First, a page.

Dad’s mast concerns

06 October 2005

The maximum beam of a hotly-disputed mobile phone mast, under construction on the periphery of a Dundee playpark, will fall directly into the popular children’s facility, it has been claimed, writes Bryan Kay.

Local man Matthew Strachan has received a letter from operator O2, which he believes contains an admission that by erecting the mast they are flouting health risks flagged up by the Stewart Inquiry.

Councillors unanim-ously refused the plan for the 12.5-metre mast on Blackness Road, near Balgay playpark last year, but a Scottish Executive reporter overturned their decision.

Mr Strachan, a father of three young children, regularly uses the park and is deeply concerned by the letter’s contents.

“I have measured the area and it is about 30 metres away at the nearest point and 80 metres at the furthest point,” he said.

“The ground does rise from the mast to the furthest point — at the slide — but from what they say in this letter, the beam of maximum intensity does go directly into the playpark.

“I wrote to the chairman and made it clear I am really worried now that they have admitted this.

“They must be working with badly-drawn maps because the work is going ahead and they have the knowledge that the beam of maximum intensity falls into the park.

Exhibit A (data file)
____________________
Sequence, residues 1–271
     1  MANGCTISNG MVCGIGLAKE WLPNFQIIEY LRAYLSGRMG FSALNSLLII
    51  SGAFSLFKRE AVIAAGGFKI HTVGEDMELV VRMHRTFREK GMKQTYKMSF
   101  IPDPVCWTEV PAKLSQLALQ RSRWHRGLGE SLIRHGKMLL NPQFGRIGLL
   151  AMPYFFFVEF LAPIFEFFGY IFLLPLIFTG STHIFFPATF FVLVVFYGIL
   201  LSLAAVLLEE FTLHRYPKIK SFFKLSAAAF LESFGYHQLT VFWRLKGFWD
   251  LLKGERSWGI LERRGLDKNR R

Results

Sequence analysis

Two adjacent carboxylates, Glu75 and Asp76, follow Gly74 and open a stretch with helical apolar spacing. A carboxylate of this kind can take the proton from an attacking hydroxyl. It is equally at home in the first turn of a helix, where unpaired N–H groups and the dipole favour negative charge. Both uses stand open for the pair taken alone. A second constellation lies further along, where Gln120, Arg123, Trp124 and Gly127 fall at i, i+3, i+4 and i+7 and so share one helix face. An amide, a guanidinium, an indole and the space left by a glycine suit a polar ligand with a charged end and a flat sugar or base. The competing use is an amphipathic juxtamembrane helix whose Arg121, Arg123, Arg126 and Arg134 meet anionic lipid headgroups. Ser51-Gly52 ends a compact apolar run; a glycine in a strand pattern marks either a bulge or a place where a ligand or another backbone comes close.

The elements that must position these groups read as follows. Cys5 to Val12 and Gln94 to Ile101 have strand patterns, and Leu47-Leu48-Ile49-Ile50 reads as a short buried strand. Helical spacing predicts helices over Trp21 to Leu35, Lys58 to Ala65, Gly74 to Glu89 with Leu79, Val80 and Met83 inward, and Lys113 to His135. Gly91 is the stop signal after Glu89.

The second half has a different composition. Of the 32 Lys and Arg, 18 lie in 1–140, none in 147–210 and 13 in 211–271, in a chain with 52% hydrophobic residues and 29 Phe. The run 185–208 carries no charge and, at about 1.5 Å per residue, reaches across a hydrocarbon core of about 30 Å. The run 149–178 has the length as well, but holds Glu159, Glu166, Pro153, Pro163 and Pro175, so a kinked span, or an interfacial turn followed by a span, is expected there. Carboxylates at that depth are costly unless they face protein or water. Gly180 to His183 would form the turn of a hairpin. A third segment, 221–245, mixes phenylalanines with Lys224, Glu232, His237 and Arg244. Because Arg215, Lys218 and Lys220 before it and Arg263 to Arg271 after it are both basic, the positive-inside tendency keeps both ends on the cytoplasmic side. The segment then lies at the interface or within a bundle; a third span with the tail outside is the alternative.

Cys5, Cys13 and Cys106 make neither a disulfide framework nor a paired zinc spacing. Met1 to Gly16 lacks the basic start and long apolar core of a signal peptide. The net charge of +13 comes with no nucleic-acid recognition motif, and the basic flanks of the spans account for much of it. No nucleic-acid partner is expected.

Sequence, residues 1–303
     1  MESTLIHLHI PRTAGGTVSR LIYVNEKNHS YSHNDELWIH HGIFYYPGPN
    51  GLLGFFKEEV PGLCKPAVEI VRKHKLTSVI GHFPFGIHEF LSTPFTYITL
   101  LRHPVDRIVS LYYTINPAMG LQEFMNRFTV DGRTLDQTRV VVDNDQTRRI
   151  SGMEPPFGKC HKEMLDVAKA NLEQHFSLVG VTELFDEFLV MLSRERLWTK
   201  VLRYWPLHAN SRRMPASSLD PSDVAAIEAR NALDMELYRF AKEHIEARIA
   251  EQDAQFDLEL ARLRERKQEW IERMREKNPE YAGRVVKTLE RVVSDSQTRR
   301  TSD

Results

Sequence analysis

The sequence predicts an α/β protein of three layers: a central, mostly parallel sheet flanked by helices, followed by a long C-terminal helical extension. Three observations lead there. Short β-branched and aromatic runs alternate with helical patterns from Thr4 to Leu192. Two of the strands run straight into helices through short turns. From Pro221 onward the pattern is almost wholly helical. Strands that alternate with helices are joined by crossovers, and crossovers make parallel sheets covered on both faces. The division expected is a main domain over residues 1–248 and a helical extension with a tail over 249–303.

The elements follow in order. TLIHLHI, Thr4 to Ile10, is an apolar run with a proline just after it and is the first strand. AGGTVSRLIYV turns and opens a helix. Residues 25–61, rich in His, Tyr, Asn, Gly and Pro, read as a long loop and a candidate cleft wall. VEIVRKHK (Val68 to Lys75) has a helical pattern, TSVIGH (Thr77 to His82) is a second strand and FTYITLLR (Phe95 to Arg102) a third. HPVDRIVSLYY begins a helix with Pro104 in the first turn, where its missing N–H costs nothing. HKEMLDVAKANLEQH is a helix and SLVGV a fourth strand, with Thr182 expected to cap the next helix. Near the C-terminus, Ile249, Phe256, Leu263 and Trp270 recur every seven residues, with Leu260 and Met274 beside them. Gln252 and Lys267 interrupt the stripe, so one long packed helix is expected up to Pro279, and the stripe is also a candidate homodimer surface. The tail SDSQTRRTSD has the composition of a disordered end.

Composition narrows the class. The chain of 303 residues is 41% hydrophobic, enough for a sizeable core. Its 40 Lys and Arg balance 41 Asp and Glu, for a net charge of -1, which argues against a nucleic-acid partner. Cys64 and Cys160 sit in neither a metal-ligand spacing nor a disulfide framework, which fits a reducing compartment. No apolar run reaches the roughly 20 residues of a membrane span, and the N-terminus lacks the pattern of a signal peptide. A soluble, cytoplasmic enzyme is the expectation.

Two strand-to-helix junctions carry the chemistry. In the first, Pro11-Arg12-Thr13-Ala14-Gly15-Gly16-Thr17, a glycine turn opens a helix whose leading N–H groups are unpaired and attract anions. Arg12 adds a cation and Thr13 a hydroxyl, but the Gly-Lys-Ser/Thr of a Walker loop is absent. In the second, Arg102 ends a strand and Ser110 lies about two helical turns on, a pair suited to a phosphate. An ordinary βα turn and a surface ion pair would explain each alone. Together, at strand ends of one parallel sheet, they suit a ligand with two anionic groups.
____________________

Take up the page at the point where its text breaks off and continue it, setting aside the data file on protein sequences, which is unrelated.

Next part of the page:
“When the Scottish Executive inspection took place, the agent said it wouldn’t fall into the playpark. He also said health concerns would not be taken into account.

“There was no consultation with playpark users. It goes smack against the Stewart Inquiry, which says to proceed carefully.”

The O2 letter states, “The beam of greatest intensity is at 0.147 of the ICNIRP (International Commission on Non-Ionizing Radiation Protection) public reference level at 73 metres, being the maximum exposure level.

Omega see "Base Stations, operating within strict national and international Guidelines, do not present a Health Risk?" under:

“The boundary of the playpark is not clearly defined, as it extends into the park area beyond.

“However, it would appear the furthest point of the equipment within the playpark is approximately 50m from our location.”

The letter went on to point out that scientific opinion remains divided on the health risks attached to masts, but conceded more research is required.

The company also disputed claims that no consultation was done prior to its planning application being submitted to the city council.

Near neighbours in Blackness Road, including residential properties, the bowling green, tennis club and Park View School, were all contacted, the company claimed.

O2 was unavailable for further comment before Press time.



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